To help you hear these repetitions, I had a clarinet play them on the top of the usual music.
Example 4a. The F to G-flat motive
You’ll notice that Menken often even has two versions of the motive happening simultaneously. That frequency and diversity of repetition is what I mean when I say Menken has prepared you for this moment. He has thoroughly trained you to recognize the motive, even if unconsciously.
But Menken has also withheld a critical variation: he had never transposed it.
Thus, when he presents the motive as B-flat to C-flat in the deceptive cadence, that motive draws attention to itself. Now listen to the clarinet-superimposed version again with that final B-flat to C-flat motion highlighted:
Example 4b. The F to G-flat motive as it develops into the transposed deceptive cadence, B-flat to C-flat.
Having thus captured your attention with this deceptive cadence, Menken doubles down on the element of surprise by employing the previously explained “cadential whiplash” from the bridge into the second verse.
That “cadential whiplash” works because the deceptive cadence prepares it. Without the deceptive cadence, Menken could have still used the bVI-bVII-I progression, but the result not only would lack the motivic connection, but also would modulate down to C major, creating a net decrease in tension:
Example 5: The “cadential whiplash“ without its deceptive cadence preparation.
In short, the ascending minor second motive is essential to the effect of this passage because it sets up the deceptive cadence. But at least one other motive also contributes to the passage as Menken wrote it.
In addition to providing voice leading support, the descending cello line mentioned above also has motivic significance. It transposes up a (diatonic) step the pitches of the vocal line from “Ever as before” (the melodic motive first heard in “Then somebody bends”).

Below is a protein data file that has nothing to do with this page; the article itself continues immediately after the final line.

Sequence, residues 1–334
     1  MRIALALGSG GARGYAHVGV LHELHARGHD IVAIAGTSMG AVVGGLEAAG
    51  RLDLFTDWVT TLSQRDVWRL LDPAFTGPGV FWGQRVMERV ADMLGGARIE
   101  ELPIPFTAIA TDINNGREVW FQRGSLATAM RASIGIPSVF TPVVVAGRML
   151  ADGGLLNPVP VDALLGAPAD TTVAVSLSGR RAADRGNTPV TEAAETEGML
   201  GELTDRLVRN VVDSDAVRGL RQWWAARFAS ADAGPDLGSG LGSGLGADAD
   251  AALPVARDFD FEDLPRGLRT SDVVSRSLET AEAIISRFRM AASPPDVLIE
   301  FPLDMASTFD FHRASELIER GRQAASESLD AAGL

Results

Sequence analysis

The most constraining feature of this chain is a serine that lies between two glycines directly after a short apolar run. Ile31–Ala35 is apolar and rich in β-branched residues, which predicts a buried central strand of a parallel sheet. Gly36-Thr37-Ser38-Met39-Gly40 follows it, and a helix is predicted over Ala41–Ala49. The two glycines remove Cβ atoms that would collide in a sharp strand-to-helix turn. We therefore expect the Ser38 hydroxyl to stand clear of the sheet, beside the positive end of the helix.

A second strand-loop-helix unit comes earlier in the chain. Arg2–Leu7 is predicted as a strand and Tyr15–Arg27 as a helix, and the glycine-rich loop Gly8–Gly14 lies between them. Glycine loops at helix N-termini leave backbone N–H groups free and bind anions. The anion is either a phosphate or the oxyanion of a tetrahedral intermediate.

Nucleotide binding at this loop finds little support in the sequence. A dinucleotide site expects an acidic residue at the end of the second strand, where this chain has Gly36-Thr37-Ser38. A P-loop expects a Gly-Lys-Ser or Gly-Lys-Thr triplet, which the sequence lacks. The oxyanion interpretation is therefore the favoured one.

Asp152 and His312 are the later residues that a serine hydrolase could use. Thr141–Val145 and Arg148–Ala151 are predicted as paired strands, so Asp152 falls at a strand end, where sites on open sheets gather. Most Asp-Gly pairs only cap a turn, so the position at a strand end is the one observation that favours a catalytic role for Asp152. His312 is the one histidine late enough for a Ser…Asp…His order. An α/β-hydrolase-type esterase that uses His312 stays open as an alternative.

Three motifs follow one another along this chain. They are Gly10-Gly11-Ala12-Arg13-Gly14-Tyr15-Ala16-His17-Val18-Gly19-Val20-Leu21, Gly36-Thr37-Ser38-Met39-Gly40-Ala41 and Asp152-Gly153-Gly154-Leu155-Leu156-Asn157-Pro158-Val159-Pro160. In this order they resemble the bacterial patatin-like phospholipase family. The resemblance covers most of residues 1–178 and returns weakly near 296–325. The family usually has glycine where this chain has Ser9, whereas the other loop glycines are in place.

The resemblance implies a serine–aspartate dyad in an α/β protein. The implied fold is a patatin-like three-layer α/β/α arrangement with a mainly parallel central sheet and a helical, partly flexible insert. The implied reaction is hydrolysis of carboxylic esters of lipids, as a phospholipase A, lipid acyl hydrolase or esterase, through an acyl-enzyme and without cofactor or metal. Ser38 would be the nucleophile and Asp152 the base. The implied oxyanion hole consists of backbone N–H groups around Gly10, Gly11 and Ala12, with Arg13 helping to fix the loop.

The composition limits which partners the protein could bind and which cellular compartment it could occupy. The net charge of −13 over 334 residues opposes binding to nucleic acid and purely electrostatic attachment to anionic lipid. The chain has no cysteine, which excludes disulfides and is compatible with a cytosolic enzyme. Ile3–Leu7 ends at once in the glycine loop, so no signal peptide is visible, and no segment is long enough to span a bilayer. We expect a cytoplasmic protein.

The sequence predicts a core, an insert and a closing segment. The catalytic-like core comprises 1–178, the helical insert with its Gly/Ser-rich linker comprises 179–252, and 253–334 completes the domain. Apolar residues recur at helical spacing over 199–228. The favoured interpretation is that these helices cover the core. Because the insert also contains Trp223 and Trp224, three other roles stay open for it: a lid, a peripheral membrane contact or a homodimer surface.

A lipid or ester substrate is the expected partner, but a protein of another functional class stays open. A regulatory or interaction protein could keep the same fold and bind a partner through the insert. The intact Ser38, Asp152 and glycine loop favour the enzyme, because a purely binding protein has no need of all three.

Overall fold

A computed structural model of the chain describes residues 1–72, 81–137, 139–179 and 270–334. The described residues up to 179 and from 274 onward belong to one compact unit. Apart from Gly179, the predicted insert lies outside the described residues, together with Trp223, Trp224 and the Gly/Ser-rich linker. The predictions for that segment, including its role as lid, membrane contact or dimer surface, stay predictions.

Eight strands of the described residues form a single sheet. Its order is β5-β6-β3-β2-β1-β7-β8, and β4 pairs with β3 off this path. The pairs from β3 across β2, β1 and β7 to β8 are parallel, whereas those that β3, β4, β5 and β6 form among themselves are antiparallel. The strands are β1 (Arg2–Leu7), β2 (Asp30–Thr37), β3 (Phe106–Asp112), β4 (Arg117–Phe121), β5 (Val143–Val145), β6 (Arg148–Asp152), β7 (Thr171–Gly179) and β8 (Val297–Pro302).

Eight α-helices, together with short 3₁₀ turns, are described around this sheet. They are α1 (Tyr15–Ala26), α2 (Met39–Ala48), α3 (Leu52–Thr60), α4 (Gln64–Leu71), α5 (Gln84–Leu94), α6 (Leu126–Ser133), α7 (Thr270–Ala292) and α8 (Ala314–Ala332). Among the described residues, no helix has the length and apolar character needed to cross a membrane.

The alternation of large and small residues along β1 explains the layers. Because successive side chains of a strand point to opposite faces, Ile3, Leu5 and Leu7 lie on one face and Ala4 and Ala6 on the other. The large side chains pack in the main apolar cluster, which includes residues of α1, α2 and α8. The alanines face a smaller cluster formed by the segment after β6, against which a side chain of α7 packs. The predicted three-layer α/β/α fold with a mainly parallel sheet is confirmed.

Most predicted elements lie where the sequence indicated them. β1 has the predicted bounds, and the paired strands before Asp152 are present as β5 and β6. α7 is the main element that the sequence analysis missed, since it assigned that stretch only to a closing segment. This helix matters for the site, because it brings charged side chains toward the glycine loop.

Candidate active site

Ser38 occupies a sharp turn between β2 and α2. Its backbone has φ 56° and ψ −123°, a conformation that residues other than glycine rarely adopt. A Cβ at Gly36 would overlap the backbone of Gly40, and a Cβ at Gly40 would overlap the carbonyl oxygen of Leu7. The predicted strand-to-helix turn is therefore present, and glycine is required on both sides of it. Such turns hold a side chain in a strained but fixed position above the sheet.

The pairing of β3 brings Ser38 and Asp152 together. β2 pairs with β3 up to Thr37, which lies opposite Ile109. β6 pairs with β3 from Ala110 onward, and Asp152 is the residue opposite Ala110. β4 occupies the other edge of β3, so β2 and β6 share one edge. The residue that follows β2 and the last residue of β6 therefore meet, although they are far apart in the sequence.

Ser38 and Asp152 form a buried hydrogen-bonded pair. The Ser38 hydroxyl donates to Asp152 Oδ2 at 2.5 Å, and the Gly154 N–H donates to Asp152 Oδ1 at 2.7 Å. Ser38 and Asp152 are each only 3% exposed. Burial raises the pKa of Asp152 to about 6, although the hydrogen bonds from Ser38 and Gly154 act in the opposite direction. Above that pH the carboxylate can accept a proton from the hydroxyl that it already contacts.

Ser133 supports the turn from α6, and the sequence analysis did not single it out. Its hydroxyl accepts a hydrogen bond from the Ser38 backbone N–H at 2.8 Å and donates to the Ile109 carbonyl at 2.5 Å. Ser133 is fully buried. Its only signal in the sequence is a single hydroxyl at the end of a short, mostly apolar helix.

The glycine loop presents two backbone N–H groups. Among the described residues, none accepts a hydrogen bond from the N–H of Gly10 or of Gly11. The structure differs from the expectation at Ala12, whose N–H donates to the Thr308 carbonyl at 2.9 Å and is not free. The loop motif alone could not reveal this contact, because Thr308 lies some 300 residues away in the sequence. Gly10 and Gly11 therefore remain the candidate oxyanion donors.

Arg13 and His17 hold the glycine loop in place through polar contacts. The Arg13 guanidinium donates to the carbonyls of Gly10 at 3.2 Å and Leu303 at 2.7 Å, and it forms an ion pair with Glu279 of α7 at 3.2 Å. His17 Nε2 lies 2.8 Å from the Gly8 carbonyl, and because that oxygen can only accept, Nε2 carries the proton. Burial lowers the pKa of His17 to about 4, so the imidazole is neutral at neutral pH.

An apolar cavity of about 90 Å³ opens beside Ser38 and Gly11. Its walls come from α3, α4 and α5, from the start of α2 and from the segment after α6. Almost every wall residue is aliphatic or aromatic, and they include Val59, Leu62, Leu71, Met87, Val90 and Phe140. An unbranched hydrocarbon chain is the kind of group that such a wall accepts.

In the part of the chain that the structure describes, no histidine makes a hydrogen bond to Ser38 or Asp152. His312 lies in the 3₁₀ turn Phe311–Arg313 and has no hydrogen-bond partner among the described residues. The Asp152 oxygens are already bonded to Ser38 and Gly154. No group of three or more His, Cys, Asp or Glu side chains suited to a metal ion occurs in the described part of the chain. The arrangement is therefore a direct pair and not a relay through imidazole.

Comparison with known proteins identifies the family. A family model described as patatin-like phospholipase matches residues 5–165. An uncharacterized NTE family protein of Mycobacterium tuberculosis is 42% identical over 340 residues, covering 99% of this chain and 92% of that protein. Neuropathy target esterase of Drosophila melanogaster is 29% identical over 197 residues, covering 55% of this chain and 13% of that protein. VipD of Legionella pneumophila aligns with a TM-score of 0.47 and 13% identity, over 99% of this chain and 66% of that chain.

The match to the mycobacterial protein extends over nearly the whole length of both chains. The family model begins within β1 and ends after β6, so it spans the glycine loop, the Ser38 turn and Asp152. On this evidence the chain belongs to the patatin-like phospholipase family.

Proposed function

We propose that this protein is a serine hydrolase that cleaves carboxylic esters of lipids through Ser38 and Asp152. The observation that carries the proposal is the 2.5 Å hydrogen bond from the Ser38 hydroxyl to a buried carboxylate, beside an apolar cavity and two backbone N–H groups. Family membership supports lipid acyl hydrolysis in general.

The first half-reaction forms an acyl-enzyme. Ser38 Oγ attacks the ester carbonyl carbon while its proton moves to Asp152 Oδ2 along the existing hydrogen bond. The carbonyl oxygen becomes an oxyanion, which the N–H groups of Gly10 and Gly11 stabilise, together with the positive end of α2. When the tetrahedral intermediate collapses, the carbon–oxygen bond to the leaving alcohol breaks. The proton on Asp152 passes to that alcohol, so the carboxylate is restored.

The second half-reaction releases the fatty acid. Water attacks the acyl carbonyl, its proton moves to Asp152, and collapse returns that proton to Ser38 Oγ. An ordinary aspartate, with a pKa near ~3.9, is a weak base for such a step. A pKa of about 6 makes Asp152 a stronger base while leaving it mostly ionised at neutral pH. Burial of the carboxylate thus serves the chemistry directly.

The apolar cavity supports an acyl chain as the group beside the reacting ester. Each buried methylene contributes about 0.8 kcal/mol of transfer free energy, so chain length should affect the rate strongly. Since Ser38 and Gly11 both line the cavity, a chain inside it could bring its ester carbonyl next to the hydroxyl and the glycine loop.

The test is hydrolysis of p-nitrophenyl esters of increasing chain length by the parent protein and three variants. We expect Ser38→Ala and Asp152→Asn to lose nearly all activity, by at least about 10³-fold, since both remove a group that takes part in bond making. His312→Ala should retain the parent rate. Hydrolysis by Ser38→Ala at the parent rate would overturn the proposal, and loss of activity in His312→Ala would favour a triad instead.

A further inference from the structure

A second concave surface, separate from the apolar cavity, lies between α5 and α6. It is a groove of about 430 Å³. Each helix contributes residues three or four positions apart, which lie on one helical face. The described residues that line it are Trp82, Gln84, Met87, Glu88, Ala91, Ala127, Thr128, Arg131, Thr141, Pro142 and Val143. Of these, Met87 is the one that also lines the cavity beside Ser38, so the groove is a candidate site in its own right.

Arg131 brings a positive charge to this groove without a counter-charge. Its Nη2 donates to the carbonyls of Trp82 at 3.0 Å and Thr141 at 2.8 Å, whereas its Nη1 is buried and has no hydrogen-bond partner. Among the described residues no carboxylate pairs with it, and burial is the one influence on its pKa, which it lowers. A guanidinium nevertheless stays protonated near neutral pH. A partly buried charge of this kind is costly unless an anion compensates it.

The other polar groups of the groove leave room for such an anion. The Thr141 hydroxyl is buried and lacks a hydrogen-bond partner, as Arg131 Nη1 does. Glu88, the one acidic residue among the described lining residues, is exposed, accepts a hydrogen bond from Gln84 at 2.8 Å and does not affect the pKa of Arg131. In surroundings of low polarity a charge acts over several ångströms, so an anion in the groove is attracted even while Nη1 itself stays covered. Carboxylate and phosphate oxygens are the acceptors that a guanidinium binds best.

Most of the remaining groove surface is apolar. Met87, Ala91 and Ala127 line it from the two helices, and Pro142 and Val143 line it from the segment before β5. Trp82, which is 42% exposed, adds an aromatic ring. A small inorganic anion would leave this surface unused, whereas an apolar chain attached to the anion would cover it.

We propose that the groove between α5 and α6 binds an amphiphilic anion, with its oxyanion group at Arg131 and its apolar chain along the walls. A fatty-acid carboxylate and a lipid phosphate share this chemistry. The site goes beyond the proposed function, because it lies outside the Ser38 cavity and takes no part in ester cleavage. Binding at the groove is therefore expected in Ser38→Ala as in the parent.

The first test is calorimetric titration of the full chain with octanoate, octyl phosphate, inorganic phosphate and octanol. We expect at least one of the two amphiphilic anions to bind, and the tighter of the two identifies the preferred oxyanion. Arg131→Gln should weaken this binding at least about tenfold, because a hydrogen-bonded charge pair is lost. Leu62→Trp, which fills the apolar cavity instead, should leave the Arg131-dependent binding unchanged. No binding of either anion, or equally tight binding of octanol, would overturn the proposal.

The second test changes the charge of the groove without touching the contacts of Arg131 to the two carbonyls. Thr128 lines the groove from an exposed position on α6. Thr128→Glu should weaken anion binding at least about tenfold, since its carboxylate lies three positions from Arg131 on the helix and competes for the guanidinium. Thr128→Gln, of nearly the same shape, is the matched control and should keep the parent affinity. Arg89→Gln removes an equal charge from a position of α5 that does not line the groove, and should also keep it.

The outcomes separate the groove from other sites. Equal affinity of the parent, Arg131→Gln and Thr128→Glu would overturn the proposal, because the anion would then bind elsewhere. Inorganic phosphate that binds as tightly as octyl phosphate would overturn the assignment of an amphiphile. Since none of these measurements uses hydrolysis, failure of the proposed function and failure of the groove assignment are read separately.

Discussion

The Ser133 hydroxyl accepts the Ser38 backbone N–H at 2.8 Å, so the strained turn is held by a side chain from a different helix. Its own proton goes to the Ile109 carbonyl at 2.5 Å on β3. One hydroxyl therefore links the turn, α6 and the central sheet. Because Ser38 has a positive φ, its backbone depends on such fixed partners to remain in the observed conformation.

In other words, when we start to hear those descending stepwise pitches in the cello, our minds have an idea of how that pattern will be completed, not just because we know how scales work but also because this particular scale fragment is meaningful in this song.
So, in sum, Menken uses two different motivic ideas to lead you to and underscore the moment at “as the sun will rise.” Just as Menken’s “cadential whiplash“ moment had a precedent in Chopin, such motivic development also comes from the Classical tradition.
The presence of these Classical features should not come as a surprise. “Beauty and the Beast” was written by the same Alan Menken who would improvise at the piano in the style of Bach and Beethoven and who received an undergraduate degree in musicology from NYU. And though composers don’t need to use Classical features to write music with depth, “Beauty and the Beast” shows one way these features can create depth without coming at the expense of simplicity.